SAN FRANCISCO --Three people, including a firefighter, suffered smoke inhalation and were hospitalized as a result of a five-alarm fire burning in San Francisco's Mission District Thursday afternoon, a fire spokeswoman said.
One person, who also suffered smoke inhalation, was evaluated and treated at the scene as a result of the blaze that started shortly after 1 p.m. at 2632 Mission St., the address listed for Big House Inc., a retail store, San Francisco fire spokeswoman Mindy Talmadge said.
PHOTOS: Mission District fire grows to five alarms
City inspectors are trying to determine if the building will need to be torn down because it's in danger of collapsing. San Francisco Fire Chief Joanne Hayes-White said it will likely have to come down.
Talmadge said the three-story building had a large amount of inventory inside from its floor to its ceiling and that the roof of the building collapsed as a result of the fire.
The blaze was initially reported as requiring a two-alarm response but grew to five alarms by 2:15 p.m. and had not been extinguished as of 3:30 p.m. Firefighters evacuated residents in the 100 block of Bartlett Street, directly behind the fire, a resident said. The resident said she was evacuated shortly after seeing flames pouring into her backyard from the back of the building on Mission Street.
Mission Street between 22nd and 23rd streets, as well as parts of Valencia and Capp streets,were shut down by authorities responding to the blaze. Police said there is a lot of plastic burning in the fire and advised people to stay away. People working on Mission Street barricaded themselves inside to avoid the heavy smoke.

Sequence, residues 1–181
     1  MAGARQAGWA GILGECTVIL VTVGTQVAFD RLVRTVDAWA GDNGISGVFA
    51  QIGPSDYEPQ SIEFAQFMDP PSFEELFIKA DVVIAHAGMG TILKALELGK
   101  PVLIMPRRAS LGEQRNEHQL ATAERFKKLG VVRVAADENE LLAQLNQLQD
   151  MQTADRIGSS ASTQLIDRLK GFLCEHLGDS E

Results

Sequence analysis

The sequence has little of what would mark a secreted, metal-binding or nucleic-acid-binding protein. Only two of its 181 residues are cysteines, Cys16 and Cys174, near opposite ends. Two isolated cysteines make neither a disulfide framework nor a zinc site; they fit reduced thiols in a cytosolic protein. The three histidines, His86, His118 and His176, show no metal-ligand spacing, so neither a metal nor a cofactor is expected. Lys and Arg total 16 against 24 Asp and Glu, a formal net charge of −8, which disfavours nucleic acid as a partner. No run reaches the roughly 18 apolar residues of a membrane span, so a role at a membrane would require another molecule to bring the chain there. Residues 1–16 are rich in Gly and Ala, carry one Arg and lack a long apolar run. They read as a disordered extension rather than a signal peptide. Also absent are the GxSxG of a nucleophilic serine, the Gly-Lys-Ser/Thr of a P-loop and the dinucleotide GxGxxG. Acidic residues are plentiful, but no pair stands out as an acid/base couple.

VIDEO: Heavy smoke kept some Mission District residents away from their homes
Talmadge said the fire has been contained to the original store and one adjacent building, but several surrounding structures sustained smoke and water damage. She said about 130 firefighters responded to the scene to make sure the blaze did not spread elsewhere.
"It was a tough fire to fight considering the occupancy, heavy fire load, lots of combustibles," Hayes-White said. "We will be here through the night because of all the combustibles that remain in the store and they're subject to reignite and rekindle."
The owner of New Mission City at 2626 Mission Street, the business next door to where the fire was initially reported, said his whole store and all of its merchandise were destroyed in the fire. Residents were also evacuated from nearby homes as a result of the fire.
The fire chief said the business where the fire started has been cited twice in 2009 and 2013 for overcrowded conditions and narrow exit routes, but could not say at this point if clutter contributed to the fire.
Arson team will investigate, but it will be a while before they can get inside due the risk of the building collapsing.
PG&E has cut off power and gas to this area. No Muni lines were damaged, but there was no power to on Mission Street and bus routes have been rerouted down Van Ness Avenue.
Red Cross volunteers were on site to help, offering food, water and assistance to those in need of a place to stay. The Salvation Army's Mission Corps Community Center at 1156 Valencia Street has been opened as a temporary gathering site for evacuated residents.
Smoke from the blaze could be seen from throughout much of San Francisco this afternoon.
San Francisco Mayor Ed Lee said in a statement he was grateful no one was seriously injured in the fire.
"On behalf of the residents of the city and county of San Francisco, I would like to thank our fire chief and the more than 100 firefighters who responded to today's five-alarm fire in the Mission neighborhood," he said. "Thanks to the leadership and determined action of our city's fire department, the very real potential of severe damage to other homes, businesses and structures in the neighborhood was avoided."
Lee said the extent of the damage caused by the fire is not yet known, and investigators are still looking into what caused the blaze.